How Gloves and Wearable Tech Could Change Music Performance: In Depth with Imogen Heap and Team

In fits and starts, musical interface inventors have tried for decades to make manipulating digital music more expressive. But that persistence comes out of a clear goal post. They want the machine’s seemingly-endlessly possibilities to fit the human like a glove. Imogen Heap is no stranger to pushing the boundaries of electronic musical performance, always making it seem as effortless as her songwriting and stage presence. For the Gloves Project, she assembled a super-team of wearable experts, interaction designers, and music researchers, several doctorates between them. This who’s-who have finally unveiled a project they’re ready to make public, and the …

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Egyptrixx x A N F: Audiovisuals as Surface, Texture, and Trip to Alien Volcanoes

It’s real, and yet, it isn’t. It’s the sound of percussion, but it resonates in an otherworldly way. It’s the flaming, blood-red surface of a volcano, but it’s melting before us. Some of the most evocative digital works walk this line, transport us to a place our brains can accept, yet not entirely believe, universes just past the reaches of our imagination. And so the collaboration between Egyptrixx (Toronto’s David Psutka) and A N F (Berlin visualist Andreas Nicolas Fischer) congeals around the notion of texture and surface. In generated geometries, globs of interplanetary resin, space insect innards about to …

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Music and Performance, Made On The Spot: Hacklab, Open Call in Berlin

Inventing technological hacks in short time is one thing. At CTM Festival in Berlin, we want to push collaborative participants to go further. First, invent the technology for performance. Then, invent the performance – and be ready to perform publicly – and it do it all in just one week. It’s time again to join a MusicMakers Hacklab. Last year was the first week-long event hosted with CDM, and the first at CTM Festival. CTM makes a perfect venue, a brilliant and packed showcase for adventurous sound (and in parallel with another digital media fest, Transmediale, in the same city …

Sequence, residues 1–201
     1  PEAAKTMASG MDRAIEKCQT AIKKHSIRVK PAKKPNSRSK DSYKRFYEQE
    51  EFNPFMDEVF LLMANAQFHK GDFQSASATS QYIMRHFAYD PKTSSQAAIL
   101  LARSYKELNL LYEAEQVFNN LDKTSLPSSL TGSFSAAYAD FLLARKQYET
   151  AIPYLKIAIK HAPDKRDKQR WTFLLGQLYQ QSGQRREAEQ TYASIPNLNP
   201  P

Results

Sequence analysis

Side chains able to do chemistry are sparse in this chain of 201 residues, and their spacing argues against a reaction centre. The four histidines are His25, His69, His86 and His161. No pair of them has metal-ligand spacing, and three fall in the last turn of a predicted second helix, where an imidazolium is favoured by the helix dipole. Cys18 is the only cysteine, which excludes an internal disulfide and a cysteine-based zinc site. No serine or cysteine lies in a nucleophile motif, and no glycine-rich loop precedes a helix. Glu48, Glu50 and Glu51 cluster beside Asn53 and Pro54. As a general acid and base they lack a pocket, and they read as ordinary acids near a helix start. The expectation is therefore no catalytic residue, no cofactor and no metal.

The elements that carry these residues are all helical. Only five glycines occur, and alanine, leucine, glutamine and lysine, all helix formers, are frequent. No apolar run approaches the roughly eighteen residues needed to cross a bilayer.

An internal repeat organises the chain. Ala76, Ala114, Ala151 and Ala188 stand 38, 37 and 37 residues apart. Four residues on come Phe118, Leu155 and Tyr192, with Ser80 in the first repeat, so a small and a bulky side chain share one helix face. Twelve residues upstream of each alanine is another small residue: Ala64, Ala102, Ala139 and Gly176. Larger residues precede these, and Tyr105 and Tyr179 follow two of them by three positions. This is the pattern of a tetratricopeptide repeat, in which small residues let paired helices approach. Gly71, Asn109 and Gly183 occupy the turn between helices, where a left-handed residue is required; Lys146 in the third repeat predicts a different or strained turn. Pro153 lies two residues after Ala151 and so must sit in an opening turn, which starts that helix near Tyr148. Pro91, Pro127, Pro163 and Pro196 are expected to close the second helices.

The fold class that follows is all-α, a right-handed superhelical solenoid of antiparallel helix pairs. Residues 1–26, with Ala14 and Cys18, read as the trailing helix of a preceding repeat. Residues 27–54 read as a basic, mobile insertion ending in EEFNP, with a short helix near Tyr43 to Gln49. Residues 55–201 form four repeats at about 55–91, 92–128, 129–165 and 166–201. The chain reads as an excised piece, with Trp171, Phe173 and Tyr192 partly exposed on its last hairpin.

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Cubase iC Air, erm... artists' rendering. Just about got that mix right. (Hold on - red ball. This track is not going to be premeditated.)

Cubase Goes Futuristic: Motion Hand Gestures Control Music in Free Add-on [Details]

When it comes to big, flagship audio tools, you don’t get a whole lot of sci-fi in your software. That makes Steinberg’s announcements this week more of a change of pace. They aren’t the first to talk about virtual studio sessions, or even gesturally-controlled music. But seeing this as an add-on to Cubase, not just an experimental hack, counts as news. And Cubase users can add on those futuristic capabilities in the form of two new tools. You can fly through Cubase sessions with gestural controls using depth cameras (on Windows) or LEAP Motion (on Windows and Mac). And you …

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Lawnmower Man-Style Audiovisuals, in Kinect Experiment, Plus a New Kinect

Oculus Rift + Kinect – Audio visual instrument a001 from Ethno Tekh on Vimeo. That window between science fiction and actual interfaces continues to narrow. Here, virtual hands paw at geometric orbs to produce sound, with simultaneous 3D visuals as accompaniment, in the latest artist/hacker experiment. You can thank the popular and surprisingly-accessible game engine, Unity – which recently added free deployment to mobiles, by the way. Description: This is our first Kinect-controlled, virtual reality experiment, using the greatly anticipated Oculus Rift. It’s a simple virtual reality environment built in Unity 3D with our own interactive framework. It allows us …